South Korea and China are going to have talks over a string of illegal Korean investment withdrawals that took place just after China tightened policies for overseas investors, the Republic of Korea (ROK) government revealed on February 14.
Tae Yeol Cho, an official from the ROK Ministry of Foreign Affairs and Trade, was quoted by Yonhap News Agency saying that the two countries were currently discussing the issue using all possible channels to simplify procedures for Korean investors who urgently need to pull out their money located in China.
According to Cho, a subsidy package totaling US$70,000 has been distributed to South-Korean-enterprises intensive zones to aid investors tackling legal issues in China before leaving. The Korean government is also considering expanding legal aid via more discussions if necessary.
A number of Korean investors left China without legal permits after the country tightened its controls over land and labor force management, according to Chinanews.com. The news website cited a report from the official Ministry of Commerce website.
By the end of January, investors from 103 Korean enterprises in Jiaozhou, Shandong Province, had moved out of China, abandoning their manufacturing facilities, the International Herald Leader reported on January 28. Labor costs for South Korea's small and medium-sized enterprises in China may increase by 50 percent since the country enacted the Labor Contract Law on January 1 and also adopted a series of policies to curtail pollution, the newspaper cited from South Korean media sources. Fearing complicated clearing procedures and various requirements regarding tax repayments, some top Korean executives left China abruptly without any explanations, the Korean media reported.
According to the South Korea based Joongang Daily, about 20 percent of the 20,000 Korean enterprises in China have experienced continuous losses in recent years. The newspaper foresaw that roughly 4,000 companies would cease investments in China.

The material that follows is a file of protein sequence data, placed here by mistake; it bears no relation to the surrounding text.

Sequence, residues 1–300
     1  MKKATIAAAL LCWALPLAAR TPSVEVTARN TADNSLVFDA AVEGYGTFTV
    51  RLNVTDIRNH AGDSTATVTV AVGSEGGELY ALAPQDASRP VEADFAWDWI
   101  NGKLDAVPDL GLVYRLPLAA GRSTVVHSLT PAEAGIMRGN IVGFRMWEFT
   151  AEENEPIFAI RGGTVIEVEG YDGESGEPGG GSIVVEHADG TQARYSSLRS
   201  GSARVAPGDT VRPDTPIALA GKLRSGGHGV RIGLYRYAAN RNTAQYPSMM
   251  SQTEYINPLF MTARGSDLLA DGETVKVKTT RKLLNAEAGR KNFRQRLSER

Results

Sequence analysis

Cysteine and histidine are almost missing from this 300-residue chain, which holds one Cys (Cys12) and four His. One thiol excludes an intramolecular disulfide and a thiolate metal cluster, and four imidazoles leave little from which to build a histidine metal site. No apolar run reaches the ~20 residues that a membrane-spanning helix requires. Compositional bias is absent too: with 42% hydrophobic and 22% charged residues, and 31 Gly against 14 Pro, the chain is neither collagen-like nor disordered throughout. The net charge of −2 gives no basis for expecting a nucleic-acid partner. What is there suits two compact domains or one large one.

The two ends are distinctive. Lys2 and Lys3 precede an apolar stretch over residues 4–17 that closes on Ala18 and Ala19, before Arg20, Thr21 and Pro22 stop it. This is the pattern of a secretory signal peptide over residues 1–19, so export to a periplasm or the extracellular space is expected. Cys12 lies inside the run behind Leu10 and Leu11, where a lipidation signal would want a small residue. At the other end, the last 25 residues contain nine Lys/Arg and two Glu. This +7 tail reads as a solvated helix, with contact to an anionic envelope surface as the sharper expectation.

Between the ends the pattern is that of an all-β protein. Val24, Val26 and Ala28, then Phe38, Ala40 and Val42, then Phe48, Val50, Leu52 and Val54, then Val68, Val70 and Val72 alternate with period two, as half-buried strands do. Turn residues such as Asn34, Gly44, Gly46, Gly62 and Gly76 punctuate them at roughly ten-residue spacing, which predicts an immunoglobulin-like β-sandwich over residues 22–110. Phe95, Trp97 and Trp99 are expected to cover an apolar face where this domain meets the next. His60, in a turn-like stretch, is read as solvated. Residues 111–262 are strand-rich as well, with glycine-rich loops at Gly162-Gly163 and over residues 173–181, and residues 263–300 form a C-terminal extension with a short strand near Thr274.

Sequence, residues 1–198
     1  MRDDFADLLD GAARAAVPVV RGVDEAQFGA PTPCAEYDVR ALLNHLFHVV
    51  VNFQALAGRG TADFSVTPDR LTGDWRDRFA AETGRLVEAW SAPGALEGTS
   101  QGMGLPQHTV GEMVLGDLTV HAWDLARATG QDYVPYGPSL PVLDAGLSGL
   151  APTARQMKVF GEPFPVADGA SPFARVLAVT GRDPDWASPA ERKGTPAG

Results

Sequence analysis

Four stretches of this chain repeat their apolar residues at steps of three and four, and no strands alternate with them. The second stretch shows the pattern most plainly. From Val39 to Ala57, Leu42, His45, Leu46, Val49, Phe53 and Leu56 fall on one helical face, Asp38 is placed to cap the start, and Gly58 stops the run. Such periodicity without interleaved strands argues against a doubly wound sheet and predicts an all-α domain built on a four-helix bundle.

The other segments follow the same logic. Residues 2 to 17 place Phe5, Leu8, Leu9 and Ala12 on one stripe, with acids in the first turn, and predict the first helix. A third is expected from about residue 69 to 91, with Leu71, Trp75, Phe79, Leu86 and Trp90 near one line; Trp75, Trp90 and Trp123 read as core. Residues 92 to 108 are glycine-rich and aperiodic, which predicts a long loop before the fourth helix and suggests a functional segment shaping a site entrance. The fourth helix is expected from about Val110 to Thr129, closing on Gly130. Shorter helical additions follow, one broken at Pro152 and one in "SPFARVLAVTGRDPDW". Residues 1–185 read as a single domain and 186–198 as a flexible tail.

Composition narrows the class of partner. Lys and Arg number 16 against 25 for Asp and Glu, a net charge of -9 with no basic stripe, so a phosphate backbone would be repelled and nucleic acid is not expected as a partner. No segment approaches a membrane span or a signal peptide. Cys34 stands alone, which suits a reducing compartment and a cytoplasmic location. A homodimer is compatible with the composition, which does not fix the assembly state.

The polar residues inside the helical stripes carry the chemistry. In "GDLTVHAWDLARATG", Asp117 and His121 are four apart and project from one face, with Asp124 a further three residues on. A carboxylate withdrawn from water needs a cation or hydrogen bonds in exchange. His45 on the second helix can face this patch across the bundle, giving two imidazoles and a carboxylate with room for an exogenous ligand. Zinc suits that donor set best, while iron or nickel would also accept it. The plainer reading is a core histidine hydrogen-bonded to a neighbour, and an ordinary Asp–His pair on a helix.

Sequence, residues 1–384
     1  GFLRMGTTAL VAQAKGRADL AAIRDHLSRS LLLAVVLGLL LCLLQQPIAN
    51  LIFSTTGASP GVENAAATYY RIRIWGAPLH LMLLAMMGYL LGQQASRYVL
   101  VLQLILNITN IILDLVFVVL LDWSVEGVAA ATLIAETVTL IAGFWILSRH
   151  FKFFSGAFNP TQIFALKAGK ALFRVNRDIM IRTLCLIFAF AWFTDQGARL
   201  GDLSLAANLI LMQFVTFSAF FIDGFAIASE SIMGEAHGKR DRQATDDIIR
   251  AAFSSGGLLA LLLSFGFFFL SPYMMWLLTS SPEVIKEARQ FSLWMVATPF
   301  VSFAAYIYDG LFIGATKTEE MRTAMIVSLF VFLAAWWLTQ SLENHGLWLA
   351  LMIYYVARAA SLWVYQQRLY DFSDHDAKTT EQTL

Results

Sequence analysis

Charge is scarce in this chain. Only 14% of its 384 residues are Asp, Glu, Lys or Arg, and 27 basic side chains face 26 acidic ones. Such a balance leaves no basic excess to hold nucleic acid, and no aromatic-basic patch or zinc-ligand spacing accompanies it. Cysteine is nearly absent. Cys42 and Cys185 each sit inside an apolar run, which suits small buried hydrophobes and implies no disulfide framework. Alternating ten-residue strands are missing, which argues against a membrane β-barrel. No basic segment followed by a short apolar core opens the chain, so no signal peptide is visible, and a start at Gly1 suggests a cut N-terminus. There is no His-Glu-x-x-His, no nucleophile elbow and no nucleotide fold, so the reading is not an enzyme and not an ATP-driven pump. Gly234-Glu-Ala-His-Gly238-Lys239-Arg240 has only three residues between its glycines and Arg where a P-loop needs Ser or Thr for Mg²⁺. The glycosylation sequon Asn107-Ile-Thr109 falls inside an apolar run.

Yet Chinese experts disagreed on calling the exodus what the South Korean media termed as a "massive withdrawal". "The overseas reports are somewhat exaggerating the issue. In fact, only a few Korean enterprises, relying on cheap labor and old preferential policies, have retreated from the China market," said Zhang Yansheng, Director of the Institute of Foreign Economies affiliated to the National Development and Reform Commission. "The Korean investors are probably touting for benefits through the local media in order to affect the policy-making departments in China," said Zhang.
Still, experts believe China should take strategic measures during its economic transition to avoid hasty retreats like these Korean enterprises. "Measures compatible with gradual adjustments in the country's economy should be adopted for overseas enterprises in order to lessen their reactions," said Zhang.
Meanwhile, Song Hong, head of the international trade research office in the Institute of World Economics and Politics of Chinese Academy of Social Sciences, said that the withdrawal of Korean enterprises is just one symptom of a gradually changed market caused by China's altered policies towards overseas investments since 2005. "Overseas enterprises are now starting to evaluate business risks when targeting the Chinese market as they see opportunities shrinking," Song said.
(China.org.cn by Wu Jin, February 18, 2008)